Sindhutai Sapkal (70) affectionately called the ‘Mother of Orphans’, or ‘Mai’ is a social worker and activist known particularly for her work in raising orphaned children in India.
Hers is an inspirational story of an illiterate woman, with indomitable spirit, extraordinary courage and high intelligence, combined with street smartness. Behind her strong personality, many hidden emotions lurk, but nevertheless her face is stoic and oozes unusual sense of confidence. Her life has traversed in unimaginable ways, but she never trivialises her tragic and humiliating experiences.
Based in Hadapsar, Pune, her six organisations are spread in different cities like Pune, Saswad, Amravati, Wardha etc. Sindhutai has a registered NGO, named Savitribai Phule Girls’ Hostel under the Foundation, Vanvasi Gopalkrushna Shikshan Evam Kreeda Prasarak Mandal in Chikaldhara in Amravati. Through poverty, abjection and homelessness Sindhutai came across multitudes of hapless orphans and women, blatantly ignored by the society. A deprived child to her meant a deprived nation. She recalls, “I know the pain of being alone, unwanted and being abandoned. So, I’m proud that I can be a mother to some needy child”.
Life and hunger taught her courage, she admits in a matter-of-fact tone. Many of the children adopted are today well-educated lawyers and doctors, and some, including her biological daughter, are running their own independent orphanages. The children here are not given up for adoption. Interestingly, all boys in her orphanage use Sapkal as their surnames while girls use Sathe (her maiden surname) as their surnames. Abandoned women and senior citizens are also included. A cow shelter, Gopika Gai Rakshan Kendra saves old cows being sent to slaughter houses.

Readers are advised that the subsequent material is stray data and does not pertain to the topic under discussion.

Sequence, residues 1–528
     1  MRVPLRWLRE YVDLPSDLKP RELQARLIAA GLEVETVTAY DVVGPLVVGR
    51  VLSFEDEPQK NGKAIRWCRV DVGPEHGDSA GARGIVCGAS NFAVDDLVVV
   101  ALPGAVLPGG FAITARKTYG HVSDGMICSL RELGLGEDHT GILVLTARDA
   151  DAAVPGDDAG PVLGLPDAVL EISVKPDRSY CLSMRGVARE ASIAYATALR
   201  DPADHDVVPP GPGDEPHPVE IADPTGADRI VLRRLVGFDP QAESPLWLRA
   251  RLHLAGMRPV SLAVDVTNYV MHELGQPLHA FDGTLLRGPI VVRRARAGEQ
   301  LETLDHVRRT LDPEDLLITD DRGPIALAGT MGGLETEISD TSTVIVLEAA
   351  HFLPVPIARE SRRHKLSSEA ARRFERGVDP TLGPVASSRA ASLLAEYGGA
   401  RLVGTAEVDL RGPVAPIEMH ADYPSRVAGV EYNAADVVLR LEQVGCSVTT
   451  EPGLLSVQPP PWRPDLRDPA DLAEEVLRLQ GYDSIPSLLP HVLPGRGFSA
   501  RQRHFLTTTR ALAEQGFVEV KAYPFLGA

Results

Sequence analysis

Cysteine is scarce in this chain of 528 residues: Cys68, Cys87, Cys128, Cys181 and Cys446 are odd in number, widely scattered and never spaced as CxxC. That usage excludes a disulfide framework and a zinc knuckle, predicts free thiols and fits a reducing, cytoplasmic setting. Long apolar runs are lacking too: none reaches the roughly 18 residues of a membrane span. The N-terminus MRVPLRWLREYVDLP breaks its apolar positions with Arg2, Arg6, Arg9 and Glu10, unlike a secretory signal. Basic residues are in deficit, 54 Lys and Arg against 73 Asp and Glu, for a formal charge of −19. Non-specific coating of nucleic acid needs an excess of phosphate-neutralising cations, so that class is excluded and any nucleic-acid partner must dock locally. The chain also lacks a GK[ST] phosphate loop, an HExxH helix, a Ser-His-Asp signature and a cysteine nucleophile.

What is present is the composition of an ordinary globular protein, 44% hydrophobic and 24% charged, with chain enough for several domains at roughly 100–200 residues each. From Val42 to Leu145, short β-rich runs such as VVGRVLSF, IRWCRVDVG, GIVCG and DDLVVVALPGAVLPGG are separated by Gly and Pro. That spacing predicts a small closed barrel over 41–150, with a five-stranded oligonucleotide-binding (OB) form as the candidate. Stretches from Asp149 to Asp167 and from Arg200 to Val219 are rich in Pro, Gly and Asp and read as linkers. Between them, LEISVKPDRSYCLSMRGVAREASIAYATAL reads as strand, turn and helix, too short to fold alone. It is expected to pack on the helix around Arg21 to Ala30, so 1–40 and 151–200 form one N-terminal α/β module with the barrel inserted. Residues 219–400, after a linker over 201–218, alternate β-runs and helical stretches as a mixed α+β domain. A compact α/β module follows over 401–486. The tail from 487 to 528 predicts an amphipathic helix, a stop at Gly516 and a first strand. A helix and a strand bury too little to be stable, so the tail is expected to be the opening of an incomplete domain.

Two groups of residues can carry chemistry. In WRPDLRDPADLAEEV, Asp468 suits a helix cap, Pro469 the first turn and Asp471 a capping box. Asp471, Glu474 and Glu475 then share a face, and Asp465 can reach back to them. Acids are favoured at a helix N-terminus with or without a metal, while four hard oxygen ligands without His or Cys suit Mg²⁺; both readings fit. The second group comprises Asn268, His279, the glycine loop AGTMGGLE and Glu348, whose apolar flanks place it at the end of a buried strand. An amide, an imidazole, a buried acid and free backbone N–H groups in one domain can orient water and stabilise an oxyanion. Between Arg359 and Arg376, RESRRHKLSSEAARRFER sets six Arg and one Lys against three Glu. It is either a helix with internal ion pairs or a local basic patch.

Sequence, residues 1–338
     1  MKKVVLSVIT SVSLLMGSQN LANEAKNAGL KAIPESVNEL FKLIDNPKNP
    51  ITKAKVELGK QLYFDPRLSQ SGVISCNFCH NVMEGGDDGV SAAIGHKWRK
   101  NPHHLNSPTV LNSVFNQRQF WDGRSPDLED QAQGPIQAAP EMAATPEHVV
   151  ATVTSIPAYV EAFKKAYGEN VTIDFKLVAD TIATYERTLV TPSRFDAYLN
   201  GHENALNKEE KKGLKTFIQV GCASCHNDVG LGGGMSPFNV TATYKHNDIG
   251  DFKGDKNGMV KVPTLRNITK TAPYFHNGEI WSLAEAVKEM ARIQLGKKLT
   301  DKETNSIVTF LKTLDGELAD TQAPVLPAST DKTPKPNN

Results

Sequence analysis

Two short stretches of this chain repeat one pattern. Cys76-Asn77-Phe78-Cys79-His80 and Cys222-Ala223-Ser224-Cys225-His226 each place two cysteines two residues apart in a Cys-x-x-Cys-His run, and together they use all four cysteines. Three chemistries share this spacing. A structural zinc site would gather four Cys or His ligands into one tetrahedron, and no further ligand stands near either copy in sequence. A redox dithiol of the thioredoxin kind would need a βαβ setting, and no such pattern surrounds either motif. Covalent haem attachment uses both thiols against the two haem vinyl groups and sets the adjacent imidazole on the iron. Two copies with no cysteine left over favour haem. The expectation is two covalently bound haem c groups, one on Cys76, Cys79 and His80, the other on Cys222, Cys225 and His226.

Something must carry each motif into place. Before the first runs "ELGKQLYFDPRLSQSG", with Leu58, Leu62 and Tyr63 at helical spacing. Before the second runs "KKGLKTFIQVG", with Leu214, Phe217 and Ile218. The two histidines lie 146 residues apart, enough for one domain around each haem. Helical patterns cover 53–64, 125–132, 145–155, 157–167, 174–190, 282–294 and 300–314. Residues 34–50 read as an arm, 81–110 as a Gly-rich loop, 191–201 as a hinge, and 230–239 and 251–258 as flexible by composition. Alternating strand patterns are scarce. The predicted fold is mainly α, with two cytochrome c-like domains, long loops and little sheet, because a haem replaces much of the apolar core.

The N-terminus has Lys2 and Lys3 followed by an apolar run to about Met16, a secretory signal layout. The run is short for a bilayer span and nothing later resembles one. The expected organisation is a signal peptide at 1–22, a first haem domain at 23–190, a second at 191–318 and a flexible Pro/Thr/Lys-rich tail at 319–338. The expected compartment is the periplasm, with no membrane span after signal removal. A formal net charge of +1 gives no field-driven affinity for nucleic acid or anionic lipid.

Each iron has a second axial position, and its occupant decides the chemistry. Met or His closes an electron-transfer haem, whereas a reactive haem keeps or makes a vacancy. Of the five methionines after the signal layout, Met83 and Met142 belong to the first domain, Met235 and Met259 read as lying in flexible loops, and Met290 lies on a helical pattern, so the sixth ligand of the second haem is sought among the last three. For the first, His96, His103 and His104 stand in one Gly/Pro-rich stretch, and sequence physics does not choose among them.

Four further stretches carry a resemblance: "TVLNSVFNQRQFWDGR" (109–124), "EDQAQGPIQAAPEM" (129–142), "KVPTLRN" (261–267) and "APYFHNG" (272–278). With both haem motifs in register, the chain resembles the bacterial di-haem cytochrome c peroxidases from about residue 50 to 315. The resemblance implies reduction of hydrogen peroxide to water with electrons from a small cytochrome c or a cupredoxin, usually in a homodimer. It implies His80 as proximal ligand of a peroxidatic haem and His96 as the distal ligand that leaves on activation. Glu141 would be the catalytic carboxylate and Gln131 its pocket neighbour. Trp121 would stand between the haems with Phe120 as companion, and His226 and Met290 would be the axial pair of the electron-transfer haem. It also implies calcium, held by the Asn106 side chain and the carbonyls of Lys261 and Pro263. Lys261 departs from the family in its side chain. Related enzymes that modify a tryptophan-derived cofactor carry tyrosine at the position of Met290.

Born on 14th November 1948 in Maharashtra’s Wardha district as an unwanted child, she was referred to as chindhi (Marathi for “torn piece of cloth”). However, her father Abhiman, sent her to school under the pretext of cattle grazing, where she would use the leaf of the bharadi tree as a slate, due to her family’s limited financial resources.
Abject poverty, family responsibilities and an early marriage forced her to quit formal education after the 4th standard. At age 10, married to an illiterate cowherd Shrihari Sapkal, 20 years her senior, she faced a difficult life. He would beat her up if he ever caught her with a book or a newspaper. By the age of 20, she had borne three sons and when nine-months pregnant, was beaten badly and left to die by her husband on suspicion of infidelity.
Tormented and tortured, Sindhutai with her world falling apart, and in great pain, gave birth to a baby girl Mamata, in a cowshed outside her house. Nudged awake by a cow standing over her, protecting them, she realised how strong the connection between a mother and child is. She recalls, she cut her umbilical cord with a sharp edged stone striking it 18 times before it got severed and then passed out.
With no hope left, she walked several kilometres to her mother’s place who refused to shelter her. Returning she saw a dead body burning in a crematorium. The last rites over, the relatives of the departed had gone but had left some flour as a part of the last rituals.
Sindhu took it, kneaded it and prepared a bhakri (roti) and baked it on the fire which was still consuming the dead body. Fearing being picked up by men at night she generally spent the night at cemeteries and people started calling her a ghost!
“My hunger taught me to sing bhajans”, she says and she begged to feed herself and her baby in trains and temples, laughing and clapping one moment and wiping tears of anguish at another.